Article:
Citing unity within the AFM membership as imperative to the success of any sort of political action, President Lee said, "Part-time musicians must be in the union." He said it is only by bringing full- and part-time musicians together under the AFM umbrella that the union can maintain a voting presence in every congressional district in the US and every province in Canada.
"I think it is up to the leadership of this union to create an atmosphere where musicians are proud of the work they do and don't apologize for wanting to be paid a decent wage for that work. Musicians' needs and wants are the same as every other worker in America and Canada."
“Fundamental to a union's responsibility is the representation of its members. The AFM's representation of its members results in responsibilities to three groups: the locals, the Federation, and the members. While each have separate obligations, all three groups work together to ensure that representation of the members' interests is as effective as possible.”

“It cannot be overemphasized that one of the most essential components of effective representation is input from members. It is the members who ultimately work under the agreements; thus, they know best about their working conditions. It is not unusual for musicians to disagree on what the national standards should be. It is vital, however, that each member throughout the US and Canada has the right through their local to provide input into negotiations that ultimately may affect them. This helps create a better understanding between all parties. Fostering inclusive contributions, rather than excluding participants, leads to greater solidarity.”

“As with any union, member representation in the AFM is a complex process. But I believe that this complexity is a good thing. It ensures that democracy is strong by involving all parties in negotiations and the development of new member services. If the opposite happened--i.e. locals negotiating without any input from their members or the Federation--then AFM members would lose in the end because their negotiators would not be armed with the most resources and best tools possible. It is my belief that as communication continues to grow and becomes stronger than ever, the AFM's representation of its members will become more effective than previously imagined.”

“I cannot emphasize enough how seriously I accept the responsibility of serving as your president. I look forward to working with local officers and player conference officers representing all segments of our membership. I urge everyone to work together accepting that there will be differences but addressing those differences in a cordial and respectful manner. We must build trust based on our flexibility and understand that everyone bringing something to the table is doing so for what they view as the good of the organization. If we develop relationships based on respect, this organization will benefit and so will our members.”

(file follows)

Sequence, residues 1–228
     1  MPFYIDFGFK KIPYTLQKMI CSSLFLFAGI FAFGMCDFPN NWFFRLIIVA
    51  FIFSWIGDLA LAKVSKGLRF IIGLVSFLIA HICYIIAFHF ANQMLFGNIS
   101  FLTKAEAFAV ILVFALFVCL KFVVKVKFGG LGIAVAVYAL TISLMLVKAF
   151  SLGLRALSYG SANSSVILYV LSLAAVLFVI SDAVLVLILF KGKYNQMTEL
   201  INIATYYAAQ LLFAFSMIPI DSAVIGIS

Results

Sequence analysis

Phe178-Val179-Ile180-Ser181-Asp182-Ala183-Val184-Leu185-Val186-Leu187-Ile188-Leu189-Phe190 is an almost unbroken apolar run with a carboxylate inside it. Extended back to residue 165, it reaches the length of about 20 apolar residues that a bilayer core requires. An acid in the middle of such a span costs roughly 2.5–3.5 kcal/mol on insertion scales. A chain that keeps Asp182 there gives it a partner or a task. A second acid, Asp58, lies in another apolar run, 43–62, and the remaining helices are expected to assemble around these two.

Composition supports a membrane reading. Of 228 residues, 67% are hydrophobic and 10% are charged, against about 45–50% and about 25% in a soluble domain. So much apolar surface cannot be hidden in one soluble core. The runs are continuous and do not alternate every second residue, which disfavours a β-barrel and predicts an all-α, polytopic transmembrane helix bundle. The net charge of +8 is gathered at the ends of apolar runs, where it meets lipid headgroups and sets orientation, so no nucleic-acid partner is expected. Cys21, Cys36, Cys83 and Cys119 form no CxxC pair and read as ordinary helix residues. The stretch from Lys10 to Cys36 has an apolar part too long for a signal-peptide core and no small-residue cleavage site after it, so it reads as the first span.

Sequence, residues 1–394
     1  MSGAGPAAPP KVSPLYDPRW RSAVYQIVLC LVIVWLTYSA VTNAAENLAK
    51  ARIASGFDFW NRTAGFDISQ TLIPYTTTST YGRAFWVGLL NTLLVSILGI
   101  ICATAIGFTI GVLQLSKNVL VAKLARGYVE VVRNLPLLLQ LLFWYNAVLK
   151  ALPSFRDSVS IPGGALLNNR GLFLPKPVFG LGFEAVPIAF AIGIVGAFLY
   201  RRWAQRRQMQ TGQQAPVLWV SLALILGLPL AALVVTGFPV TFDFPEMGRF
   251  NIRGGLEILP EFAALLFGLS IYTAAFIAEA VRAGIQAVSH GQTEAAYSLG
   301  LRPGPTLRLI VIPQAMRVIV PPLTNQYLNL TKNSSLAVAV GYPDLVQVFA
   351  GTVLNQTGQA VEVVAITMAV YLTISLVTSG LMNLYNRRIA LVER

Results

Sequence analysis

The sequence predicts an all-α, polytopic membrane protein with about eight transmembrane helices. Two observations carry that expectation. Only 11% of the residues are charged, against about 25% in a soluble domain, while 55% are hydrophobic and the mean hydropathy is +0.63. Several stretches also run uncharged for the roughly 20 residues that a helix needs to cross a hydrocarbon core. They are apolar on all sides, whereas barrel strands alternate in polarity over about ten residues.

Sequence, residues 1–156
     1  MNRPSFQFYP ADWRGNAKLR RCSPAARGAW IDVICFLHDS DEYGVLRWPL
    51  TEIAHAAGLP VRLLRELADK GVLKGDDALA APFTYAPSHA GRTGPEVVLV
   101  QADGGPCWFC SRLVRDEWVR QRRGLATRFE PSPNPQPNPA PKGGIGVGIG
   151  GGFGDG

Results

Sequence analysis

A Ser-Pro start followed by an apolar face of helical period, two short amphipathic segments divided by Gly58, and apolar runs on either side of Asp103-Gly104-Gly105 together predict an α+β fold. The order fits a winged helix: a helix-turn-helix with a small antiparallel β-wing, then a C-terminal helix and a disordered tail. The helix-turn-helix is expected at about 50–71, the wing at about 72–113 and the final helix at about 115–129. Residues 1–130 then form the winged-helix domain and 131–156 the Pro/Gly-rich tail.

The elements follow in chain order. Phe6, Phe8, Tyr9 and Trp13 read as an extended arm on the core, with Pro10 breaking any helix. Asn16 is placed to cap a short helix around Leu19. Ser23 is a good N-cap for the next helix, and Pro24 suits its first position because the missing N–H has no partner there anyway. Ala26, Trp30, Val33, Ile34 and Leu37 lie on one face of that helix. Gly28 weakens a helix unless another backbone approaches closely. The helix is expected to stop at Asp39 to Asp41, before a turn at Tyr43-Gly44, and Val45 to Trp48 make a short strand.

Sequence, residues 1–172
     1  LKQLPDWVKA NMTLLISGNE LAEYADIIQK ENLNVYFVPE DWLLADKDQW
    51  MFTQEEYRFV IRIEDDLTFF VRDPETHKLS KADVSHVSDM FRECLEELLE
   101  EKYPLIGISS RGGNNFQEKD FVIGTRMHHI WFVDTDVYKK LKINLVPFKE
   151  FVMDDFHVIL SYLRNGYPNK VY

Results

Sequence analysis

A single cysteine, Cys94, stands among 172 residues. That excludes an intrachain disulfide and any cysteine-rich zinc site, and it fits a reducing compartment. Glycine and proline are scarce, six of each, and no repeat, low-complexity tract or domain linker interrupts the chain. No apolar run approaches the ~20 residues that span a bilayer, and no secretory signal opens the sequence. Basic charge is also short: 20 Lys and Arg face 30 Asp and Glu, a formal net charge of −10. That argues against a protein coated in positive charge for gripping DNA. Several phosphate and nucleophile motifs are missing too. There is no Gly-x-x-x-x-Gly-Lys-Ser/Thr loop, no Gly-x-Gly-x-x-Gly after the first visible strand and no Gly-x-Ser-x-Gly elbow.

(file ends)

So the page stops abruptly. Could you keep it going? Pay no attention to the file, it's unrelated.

“Together we must reach out to more musicians. One of the wonderful things about music is that it unites people from all walks of life: rich, poor, young, old, mainstream, jazz, rock, and much more. We must promote the diversity of music and protect our reputation as one of the most inclusive unions of the 21st century. We will work selflessly to secure safe working environments, benefits, and good wages for all. Whether you are a theater musician, a recording artist, or a freelancer, your union's strength in bargaining for your rights depends on the solidarity of your brothers and sisters who work in fields other than yours.”

"Don’t we, as AFM members and voting delegates, deserve to know whether candidates for the IEB positions (including VP, S/T and Governor-Generalissimo of Canada) are going to line up behind Tom or behind Hal?"

YES - and it should be just one of many questions asked by every delegate to each and every candidate for any office that solicits their support. This election is more important than any I can think of in the last twenty years or more! Let's make informed decisions this time. A vote for a candidate that supports Tom is a vote for the status quo. A vote for a candidate that supports Hal is a vote for positive change.